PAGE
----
As of November 2014, construction of the Williamson Building was on budget and on time for completion by summer 2015. A large atrium extends the Main Mall of DHMC and connects the Williamson Building to the Borwell and Rubin Buildings. This view looks south, toward Borwell. Another view looking south inside the atrium: Notice the entrance to the Norris Cotton Cancer Center on the left. The stairs lead to the Level 4 balconies that connect the Rubin, Borwell, and Williamson Buildings. The bridge in the center of the atrium, connecting the Williamson and Rubin Buildings, brings the medical student lounge and James C. Chilcott Conference Center (Auditorium G) into close proximity with the translational research labs, The Dartmouth Clinical and Translational Science Institute, and The Dartmouth Institute for Health Policy and Clinical Practice. This view of the atrium looks north, toward DHMC’s Main Mall. An artistic rendering of the finished atrium, looking north, gives a sense of the light and warmth that will fill this important crossroads. The auditorium, shown here still in its early stages, will seat between 175 and 180 people. The auditorium will be a central location for educational programming and the sharing of research findings. The rear of the auditorium features a glass wall that will look out onto a lush courtyard and let in natural light when desired. The main entrance of DHMC is just to the left of this view. This artistic rendering shows a few of the 26 wet-labs to be completed on Levels 6 and 7 of the Williamson Building. Shown here is the main section of the clinical and translational pathology floor. The open floor plan will accommodate new equipment and workflows as technologies and best practices evolve. Interior windows are used throughout the building to allow daylight to travel beyond the perimeter rooms. These men are working in one of the areas that will connect to the Borwell Building. A glass corridor connects Level 6 of the Williamson Building to the atrium of the Rubin Building (Cancer Center). A view from the Rubin atrium into the glass corridor that leads to the Williamson Building. On the top floor of the Williamson Building is the mechanical penthouse, which houses an energy recovery heat exchanger. During warm weather, the heat exchanger pre-cools and dehumidifies the incoming air, while during cold weather, it pre-heats and humidifies the incoming air, saving energy and money and creating better indoor air quality. You can still support the innovative research that will take place in the Williamson Building, as fundraising to support both capital and programmatic needs continues. For more information, please contact Richard Peck in the Office of Development at (603) 653-0734.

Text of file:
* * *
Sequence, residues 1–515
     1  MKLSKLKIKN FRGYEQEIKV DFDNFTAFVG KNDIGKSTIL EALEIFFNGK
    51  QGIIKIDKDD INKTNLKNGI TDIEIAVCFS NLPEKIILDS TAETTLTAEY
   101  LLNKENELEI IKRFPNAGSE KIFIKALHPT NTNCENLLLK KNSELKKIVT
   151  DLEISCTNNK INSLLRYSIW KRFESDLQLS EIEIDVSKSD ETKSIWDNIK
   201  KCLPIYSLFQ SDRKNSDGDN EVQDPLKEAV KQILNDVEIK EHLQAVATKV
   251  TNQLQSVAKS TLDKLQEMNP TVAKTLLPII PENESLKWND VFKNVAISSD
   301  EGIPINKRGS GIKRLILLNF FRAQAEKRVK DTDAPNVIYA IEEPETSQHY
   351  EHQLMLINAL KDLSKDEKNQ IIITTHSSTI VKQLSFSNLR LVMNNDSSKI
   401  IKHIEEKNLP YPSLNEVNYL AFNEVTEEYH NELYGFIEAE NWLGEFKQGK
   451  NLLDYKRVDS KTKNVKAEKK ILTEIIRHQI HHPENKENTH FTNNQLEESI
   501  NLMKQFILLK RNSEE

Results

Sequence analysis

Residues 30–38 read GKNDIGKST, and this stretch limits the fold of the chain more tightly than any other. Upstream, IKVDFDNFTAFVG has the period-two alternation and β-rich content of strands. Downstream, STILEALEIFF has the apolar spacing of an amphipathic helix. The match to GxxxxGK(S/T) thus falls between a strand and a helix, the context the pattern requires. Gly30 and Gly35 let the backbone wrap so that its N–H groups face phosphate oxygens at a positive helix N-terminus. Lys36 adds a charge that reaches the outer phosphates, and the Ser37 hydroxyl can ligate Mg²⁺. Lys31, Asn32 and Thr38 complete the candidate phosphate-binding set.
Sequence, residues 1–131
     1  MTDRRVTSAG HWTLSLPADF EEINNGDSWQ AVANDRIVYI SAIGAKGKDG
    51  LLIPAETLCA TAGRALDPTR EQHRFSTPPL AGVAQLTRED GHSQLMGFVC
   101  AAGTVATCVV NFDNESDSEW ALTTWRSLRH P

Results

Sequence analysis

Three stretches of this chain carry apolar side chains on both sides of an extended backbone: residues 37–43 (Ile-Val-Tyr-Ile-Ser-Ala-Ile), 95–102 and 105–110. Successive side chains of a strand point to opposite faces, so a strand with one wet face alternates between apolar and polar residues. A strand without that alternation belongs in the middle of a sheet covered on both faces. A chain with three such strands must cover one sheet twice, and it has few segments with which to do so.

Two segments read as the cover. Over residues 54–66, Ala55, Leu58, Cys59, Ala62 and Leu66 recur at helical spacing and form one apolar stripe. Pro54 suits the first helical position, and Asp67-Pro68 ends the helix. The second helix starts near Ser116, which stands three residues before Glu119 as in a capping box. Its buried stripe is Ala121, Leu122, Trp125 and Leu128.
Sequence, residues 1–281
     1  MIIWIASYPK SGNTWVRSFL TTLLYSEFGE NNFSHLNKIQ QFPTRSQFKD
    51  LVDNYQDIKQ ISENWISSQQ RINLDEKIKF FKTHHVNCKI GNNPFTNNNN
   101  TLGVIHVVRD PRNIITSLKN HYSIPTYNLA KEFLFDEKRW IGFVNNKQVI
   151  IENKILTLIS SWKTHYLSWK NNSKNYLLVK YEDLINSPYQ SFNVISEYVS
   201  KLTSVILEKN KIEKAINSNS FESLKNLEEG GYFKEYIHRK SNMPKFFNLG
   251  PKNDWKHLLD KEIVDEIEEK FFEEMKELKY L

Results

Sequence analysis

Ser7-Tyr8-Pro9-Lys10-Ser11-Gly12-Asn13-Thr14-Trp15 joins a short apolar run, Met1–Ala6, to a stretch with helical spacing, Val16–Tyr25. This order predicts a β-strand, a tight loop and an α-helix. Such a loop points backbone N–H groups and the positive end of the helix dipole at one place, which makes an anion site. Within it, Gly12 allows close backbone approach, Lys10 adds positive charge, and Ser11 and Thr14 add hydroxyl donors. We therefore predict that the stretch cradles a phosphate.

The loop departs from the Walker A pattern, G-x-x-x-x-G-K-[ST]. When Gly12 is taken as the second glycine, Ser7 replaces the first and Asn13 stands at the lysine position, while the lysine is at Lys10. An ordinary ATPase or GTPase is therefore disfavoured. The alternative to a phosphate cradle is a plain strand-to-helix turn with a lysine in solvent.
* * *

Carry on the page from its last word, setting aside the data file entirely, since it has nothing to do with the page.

Photos by Eli Burakian ’00
Scheduled to be completed in the late summer of 2015, the Geisel School of Medicine’s Williamson Translational Research Building will make collaboration between biomedical scientists and clinicians easier than ever before, and—most importantly—will accelerate the movement of discoveries from research labs into patient care.
Located on the campus of Dartmouth-Hitchcock Medical Center, the building will be home to interdisciplinary teams of bench scientists, physician-researchers, health-care delivery researchers (from The Dartmouth Institute for Health Policy and Clinical Practice), and biomedical data scientists. The Williamson Building will also be home to SYNERGY: The Dartmouth Clinical and Translational Science Institute and to Dartmouth-Hitchcock’s clinical and translational pathology labs.
For more on the Williamson Translational Research Building, read “At the Crossroads of Discovery and Patient Care,” in which Duane Compton, PhD, now the Interim Dean of the Geisel School, discusses how the building will advance research for the benefit of patients and students.